Policy: Law

Arizona's Tent City Jail: Where prisoners wear pink underwear, eat meatless meals and swelter in the 120-degree heat

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Immigration,Arizona,PennAve,Tim Mak,Minusextra,Law,Law Enforcement

PHOENIX — In the waiting room of Maricopa County’s Tent City Jail, a weathered screen flashes red, green and yellow words with a euphoric fireworks effect worthy of an early 2000s Word document.

“As of Mar. 2011, [Maricopa County Sheriff’s Office] detention officers have turned over 39,800 illegal immigrants to immigration authorities for deportation,” the screen reads.

Tent City was built in 1994 at the behest of the county’s showy sheriff, Joe Arpaio, who the previous year had run on a strict law-and-order platform. Local residents, showing flashes of their Wild West, no-nonsense mentality, voted him into office. The county has since grown to become America’s fourth largest.

Shortly after his election, Arpaio traveled to New Mexico to hunt down 70 surplus Korean War military tents and built the outdoor jail he still uses as a rallying cry: “Everything I do is geared to send a message to all the people who live in Maricopa County, that if you do something wrong, you’re going to end up in the tents.”

About 10,000 prisoners are incarcerated in this county of nearly 4 million, and approximately 800-900 of them are placed at Tent City, a figure Arpaio worries is too low. In the corner of the jail, a neon sign blares "vacancy."

“I’m a little concerned that we don’t have that many in there,” he said, claiming the jail had the capacity for 2,400. “I don’t like the trend that’s going on with these judges … just put[ting] the [tracking] bracelet on them and let them go home. … I want them to spent some time in jail.”

Only convicted criminals are placed in the tents, and they have been home to some storied prisoners: Mike Tyson spent time here, as did basketball player Charles Barkley. The prisoners have been convicted of crimes that don’t warrant sentences of more than a year, such as driving under the influence, drug possession, domestic violence and car theft.

The first thing one notices about Tent City is the proliferation of pink. From every bunk hangs a pink towel — “why give them a color they like?” reasoned Arpaio — dotting the otherwise bleak desert landscape with artificial optimism.

Here, resistance to authority takes subtle forms. A prisoner might take two towels when they are only allowed one. But other than a couple fights a week, it rarely gets more serious than that — misbehavior only leads to more hard time, and probably at a stricter, indoor prison.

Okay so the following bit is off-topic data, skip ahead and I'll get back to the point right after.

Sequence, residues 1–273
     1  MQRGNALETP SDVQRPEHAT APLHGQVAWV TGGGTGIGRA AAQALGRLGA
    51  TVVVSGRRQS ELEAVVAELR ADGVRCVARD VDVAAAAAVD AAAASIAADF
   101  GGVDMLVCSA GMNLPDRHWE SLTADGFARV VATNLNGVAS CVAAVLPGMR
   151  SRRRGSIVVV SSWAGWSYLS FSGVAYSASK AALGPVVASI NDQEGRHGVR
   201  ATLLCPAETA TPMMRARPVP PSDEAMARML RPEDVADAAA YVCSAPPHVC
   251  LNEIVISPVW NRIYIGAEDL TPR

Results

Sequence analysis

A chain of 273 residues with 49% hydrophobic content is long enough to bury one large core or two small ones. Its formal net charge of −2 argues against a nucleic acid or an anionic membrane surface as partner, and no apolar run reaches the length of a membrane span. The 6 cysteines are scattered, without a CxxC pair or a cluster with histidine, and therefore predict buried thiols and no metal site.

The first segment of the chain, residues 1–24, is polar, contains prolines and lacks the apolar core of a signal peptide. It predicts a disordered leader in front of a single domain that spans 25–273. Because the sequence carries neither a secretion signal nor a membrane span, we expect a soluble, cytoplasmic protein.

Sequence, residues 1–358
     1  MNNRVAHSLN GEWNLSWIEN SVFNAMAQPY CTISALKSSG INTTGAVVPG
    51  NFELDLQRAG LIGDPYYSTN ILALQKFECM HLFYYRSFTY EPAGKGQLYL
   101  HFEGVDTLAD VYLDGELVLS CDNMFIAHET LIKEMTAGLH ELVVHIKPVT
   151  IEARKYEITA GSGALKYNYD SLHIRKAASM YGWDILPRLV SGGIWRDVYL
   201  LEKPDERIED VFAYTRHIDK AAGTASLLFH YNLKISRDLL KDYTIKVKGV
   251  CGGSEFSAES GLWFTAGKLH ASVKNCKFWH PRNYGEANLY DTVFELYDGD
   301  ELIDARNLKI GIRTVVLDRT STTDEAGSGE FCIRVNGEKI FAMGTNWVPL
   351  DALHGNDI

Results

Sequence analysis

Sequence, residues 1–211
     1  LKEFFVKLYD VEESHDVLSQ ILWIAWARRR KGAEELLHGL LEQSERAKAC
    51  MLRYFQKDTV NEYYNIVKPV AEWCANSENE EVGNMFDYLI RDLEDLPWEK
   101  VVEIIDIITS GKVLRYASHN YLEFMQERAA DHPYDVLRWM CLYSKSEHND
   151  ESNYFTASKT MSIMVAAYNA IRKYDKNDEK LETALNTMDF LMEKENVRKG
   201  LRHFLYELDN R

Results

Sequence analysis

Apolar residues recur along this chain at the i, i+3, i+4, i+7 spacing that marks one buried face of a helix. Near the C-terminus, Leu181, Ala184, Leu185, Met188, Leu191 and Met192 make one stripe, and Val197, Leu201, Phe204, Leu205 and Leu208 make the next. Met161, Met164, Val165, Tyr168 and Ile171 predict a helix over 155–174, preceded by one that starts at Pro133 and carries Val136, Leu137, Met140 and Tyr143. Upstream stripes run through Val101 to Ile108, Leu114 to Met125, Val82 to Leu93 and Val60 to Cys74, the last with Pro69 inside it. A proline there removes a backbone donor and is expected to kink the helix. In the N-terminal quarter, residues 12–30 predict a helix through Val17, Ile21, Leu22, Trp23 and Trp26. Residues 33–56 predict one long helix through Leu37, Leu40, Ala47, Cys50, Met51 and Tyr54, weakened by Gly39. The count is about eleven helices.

Upon seeing a tour group, inmates began to pose, flashing gang signs with their hands and asking for pictures to be taken. “These guys must have arthritis or something,” quipped Sgt. Robert Jones, one of the guides. The outdoor jail has become as much an exhibition as it is a law enforcement facility. Visitors can book a tour any time they want, and prison guards give about two tours daily, each numbering four or five individuals.

There are “a lot of snowbirds,” explained Jones, who has worked for six years at the site. “It’s a national draw. In fact, people come from all over the world to see what it’s like.”

Arpaio has built a career on showing off the various indignities he visits upon his prisoners. Last month, he eliminated meat from their meals. He brags about the 120-plus degree summers and revels in the discomfort his prisoners feel.

"I buy a thermometer gadget to prove to the media that I'm not lying," he explained. "There's a trick. If you push that [thermometer] up higher ... you pick up 20 degrees."

Most notably, Arpaio makes inmates wear pink underwear, what he sees as his lifelong achievement.

“Once you’re gone, you’re dead and buried,” Arpaio reflected. “Me, I give them 48 hours to remember me, and they’re going to do it because of the pink underwear.”

On Thursdays, prisoners do indigent burials, laying to rest those who did not have the financial means to be buried anywhere other than the county cemetery. On every other day, prisoners work eight-hour shifts at a food factory.

Arpaio allows the television in the cafeteria to only play ESPN2, the Food Channel (“so they can see the good food they’re missing on the outside,” Jones said) and the Weather Channel (“Joe wants them to see how hot it’s going to be”).

But there is grace in small mercies: In the prison next door, harder criminals convicted of more violent crimes don’t get ESPN2 — they get C-SPAN instead.

About 100 female prisoners live at Tent City. They are segregated and held in their own block, adjacent to the Estrella Women’s Jail, where the infamous Jodi Arias is being held.

Symbolically, in the corner of the jail block, doves have made a nest in a coil of barbed wire that lines the top of the fence. Prisoners haven’t named the doves, according the female inmate who sleeps nearest the nest and feeds the doves scraps.

Why? The birds will be ready to fly in a couple months, and she hopes to be gone with them.

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